Receipt of Puppy Deposit
Coatesville, PA 19320
Cell #: (484) 477-5389
Agreement Subject to the following terms and conditions, BUYER agrees to purchase and SELLER agrees to sell one Labrador Retriever puppy from the litter of the sire and dam listed below.
___________________________ has made a $300 deposit, totaling $1500. A balance of $1200 is due
at pickup (cash only). Add $500 more if shipping. This purchaser is _________ (to be filled out
by seller) on list to pick of puppy. Checks to: Karen
Sire: LAMBORN'S SHOW-ME GRAND
Dam: LAMBORN'S RIVER RUN
Gender: Male / Female
Color preference: Black / Yellow
Gender: Male / Female
Color preference: Black / Yellow
If breeding did not take or 1st and 2nd preference are not available, deposit can be held for next litter of equal breeding OR you can choose a pup not spoken for OR I will gladly refund your deposit. If you cannot pick up your pup at 8 weeks of age, a fee of 10. a day will be charged until pick up.
By signing below, I acknowledge that I have read and agree to the conditions set forth in this contract.
New Owner Signature: ___________________________________ Date: ____________________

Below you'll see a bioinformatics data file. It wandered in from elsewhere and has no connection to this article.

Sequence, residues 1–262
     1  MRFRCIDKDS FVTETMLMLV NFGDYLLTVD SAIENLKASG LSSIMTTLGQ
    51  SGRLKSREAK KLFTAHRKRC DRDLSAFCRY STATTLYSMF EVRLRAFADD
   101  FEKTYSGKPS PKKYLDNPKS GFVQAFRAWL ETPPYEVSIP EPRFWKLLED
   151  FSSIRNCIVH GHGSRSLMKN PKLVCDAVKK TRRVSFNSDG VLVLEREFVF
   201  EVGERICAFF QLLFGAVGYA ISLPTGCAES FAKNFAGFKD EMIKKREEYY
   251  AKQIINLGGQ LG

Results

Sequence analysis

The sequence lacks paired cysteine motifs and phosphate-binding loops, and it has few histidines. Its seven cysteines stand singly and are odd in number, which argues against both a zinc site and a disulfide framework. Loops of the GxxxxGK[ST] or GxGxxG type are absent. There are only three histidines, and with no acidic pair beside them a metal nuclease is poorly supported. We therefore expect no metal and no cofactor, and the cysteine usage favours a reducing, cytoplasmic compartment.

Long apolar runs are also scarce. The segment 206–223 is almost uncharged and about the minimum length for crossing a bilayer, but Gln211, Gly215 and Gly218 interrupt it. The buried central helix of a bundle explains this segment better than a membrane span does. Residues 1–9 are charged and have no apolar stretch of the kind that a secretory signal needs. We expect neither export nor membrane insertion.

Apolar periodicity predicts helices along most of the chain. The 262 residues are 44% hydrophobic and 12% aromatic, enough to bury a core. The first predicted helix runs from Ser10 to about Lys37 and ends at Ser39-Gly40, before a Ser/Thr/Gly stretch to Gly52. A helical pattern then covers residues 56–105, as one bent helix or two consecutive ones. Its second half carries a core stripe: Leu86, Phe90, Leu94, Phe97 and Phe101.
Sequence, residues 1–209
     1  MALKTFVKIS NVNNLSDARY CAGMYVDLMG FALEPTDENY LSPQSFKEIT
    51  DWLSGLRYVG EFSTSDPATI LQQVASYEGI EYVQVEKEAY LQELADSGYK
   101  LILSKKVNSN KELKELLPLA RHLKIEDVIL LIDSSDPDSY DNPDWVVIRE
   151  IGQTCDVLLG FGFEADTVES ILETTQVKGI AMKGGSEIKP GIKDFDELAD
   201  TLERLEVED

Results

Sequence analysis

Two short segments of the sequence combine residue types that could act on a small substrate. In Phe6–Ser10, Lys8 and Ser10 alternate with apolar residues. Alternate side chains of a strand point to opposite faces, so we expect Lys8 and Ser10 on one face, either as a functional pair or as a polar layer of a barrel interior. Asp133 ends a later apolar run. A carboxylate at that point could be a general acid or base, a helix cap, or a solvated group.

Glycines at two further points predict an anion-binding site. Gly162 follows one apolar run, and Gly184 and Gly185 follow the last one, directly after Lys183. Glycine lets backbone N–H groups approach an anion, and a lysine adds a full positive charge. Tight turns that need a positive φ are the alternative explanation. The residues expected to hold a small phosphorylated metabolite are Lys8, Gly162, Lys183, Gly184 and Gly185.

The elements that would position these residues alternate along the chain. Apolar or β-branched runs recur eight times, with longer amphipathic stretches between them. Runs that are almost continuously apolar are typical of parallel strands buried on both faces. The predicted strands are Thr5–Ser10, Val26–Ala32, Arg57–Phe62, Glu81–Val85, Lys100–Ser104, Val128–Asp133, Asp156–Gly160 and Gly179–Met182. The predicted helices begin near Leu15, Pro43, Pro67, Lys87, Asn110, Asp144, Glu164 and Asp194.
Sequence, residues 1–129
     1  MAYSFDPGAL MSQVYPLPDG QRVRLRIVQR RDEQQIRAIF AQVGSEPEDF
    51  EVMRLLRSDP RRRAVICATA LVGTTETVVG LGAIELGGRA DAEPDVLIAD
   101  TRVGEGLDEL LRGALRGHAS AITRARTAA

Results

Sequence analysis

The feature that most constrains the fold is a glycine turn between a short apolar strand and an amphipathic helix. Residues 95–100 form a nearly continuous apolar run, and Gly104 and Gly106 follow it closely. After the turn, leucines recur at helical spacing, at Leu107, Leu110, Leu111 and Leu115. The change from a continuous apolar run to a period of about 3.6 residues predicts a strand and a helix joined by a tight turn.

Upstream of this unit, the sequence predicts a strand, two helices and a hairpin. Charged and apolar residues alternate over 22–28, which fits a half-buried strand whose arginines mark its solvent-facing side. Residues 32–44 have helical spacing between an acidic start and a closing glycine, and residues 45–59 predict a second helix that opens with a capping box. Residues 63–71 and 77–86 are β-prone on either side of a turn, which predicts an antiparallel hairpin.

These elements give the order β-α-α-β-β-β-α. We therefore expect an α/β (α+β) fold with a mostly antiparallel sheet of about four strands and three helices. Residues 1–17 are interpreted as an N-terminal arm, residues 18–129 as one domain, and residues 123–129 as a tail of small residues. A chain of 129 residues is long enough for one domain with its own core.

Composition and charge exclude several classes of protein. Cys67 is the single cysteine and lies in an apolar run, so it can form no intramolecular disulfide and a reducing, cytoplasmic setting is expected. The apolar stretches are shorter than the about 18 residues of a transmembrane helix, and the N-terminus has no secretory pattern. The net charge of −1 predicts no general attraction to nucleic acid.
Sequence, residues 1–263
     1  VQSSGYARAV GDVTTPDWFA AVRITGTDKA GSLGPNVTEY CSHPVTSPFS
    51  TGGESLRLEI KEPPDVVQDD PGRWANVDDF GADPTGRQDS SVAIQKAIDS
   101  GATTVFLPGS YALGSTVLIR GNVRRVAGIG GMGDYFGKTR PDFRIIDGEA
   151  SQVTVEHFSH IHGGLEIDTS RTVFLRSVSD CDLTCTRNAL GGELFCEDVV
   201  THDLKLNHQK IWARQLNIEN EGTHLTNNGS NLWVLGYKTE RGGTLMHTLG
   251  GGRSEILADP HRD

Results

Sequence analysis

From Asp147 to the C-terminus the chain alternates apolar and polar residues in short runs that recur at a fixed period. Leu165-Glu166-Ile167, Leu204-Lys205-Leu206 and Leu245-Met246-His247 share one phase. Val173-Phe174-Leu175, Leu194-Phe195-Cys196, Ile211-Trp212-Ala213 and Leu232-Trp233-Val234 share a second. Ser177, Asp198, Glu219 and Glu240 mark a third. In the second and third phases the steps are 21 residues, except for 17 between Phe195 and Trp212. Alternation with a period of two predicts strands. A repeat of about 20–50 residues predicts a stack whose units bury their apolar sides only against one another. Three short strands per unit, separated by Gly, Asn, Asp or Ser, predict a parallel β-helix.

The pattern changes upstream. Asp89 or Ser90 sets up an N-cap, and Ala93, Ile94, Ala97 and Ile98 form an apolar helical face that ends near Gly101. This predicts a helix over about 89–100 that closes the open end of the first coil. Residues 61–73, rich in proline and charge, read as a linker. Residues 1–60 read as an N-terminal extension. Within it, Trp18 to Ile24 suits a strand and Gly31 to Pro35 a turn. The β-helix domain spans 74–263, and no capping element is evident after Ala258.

How did you hear about Lamborn's Labradors?____________________________
This ends the contract. Please copy, print and convert to one page above in black ink. Thank you.
I have the right to deny a pup to a buyer before or after deposit was made due to not the right home for pup or other reasons. The best interest of pup is always first priority.
Picking Your Puppy ~ Pick A Litter, Not A Puppy
Exactly what is "pick of the litter?" Most people imply that it is "the best puppy." Best for whom? Best for what? There are dogs better suited for particular things but that would depend on who the dog is going to as to which pup is the "pick of the litter." If you are getting a puppy from me, I can promise you that I, the breeder, am keeping what I believe to be "pick of the litter." That puppy is not for sale. Of course, I sometimes discover, as the puppy grows, that I picked wrong. My guess is, some of myreal picks of the litter went to their new home at eight weeks of age, are neutered, and loved by their family.
I have had people ask me to teach them how to pick the best pup out of a litter. The truth is, when I figure it out with certainty, I'll start teaching others how to do it. For now, I'm pretty good at picking the right puppy, but it isn't down to a science yet. In fact, I'll be so bold as to say NO breeder has it down to an absolute science. Some puppies are the perfect example of the ugly duckling who grows into a beautiful swan. Some people think that they need to see the entire litter of pups in order to pick out a good dog. We have found this is a misconception. In any one litter, the majority of the puppies are comparable. In each litter there is usually a highly energetic dog, a more reserved dog, and the rest fall in between. The term pick of the litter is simply a matter of opinion.